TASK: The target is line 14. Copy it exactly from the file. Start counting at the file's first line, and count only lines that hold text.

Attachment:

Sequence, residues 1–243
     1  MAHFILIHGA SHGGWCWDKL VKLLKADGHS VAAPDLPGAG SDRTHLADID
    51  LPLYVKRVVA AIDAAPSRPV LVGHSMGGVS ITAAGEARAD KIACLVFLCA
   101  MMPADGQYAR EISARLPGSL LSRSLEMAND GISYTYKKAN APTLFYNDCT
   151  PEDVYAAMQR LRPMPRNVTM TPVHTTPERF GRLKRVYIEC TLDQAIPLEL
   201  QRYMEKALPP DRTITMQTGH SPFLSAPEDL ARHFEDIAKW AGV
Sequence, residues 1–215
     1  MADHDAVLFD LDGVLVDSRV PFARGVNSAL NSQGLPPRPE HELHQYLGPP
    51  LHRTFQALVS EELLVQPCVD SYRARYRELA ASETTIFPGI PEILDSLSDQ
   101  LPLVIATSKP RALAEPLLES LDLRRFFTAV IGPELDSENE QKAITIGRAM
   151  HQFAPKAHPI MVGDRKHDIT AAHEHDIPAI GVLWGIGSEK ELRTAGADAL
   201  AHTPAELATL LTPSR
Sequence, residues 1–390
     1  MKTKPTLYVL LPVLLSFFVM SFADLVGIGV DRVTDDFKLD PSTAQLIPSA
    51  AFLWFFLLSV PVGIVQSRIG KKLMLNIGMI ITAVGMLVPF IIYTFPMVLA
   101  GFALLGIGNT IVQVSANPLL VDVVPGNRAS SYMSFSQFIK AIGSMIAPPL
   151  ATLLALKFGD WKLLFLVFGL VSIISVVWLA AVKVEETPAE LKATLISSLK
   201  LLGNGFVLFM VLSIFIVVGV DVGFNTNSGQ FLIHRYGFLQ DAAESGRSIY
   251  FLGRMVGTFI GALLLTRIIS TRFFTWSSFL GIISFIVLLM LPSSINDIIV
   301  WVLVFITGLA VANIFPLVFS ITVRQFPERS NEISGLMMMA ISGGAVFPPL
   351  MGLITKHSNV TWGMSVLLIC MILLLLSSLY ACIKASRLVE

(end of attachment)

     1  MKTKPTLYVL LPVLLSFFVM SFADLVGIGV DRVTDDFKLD PSTAQLIPSA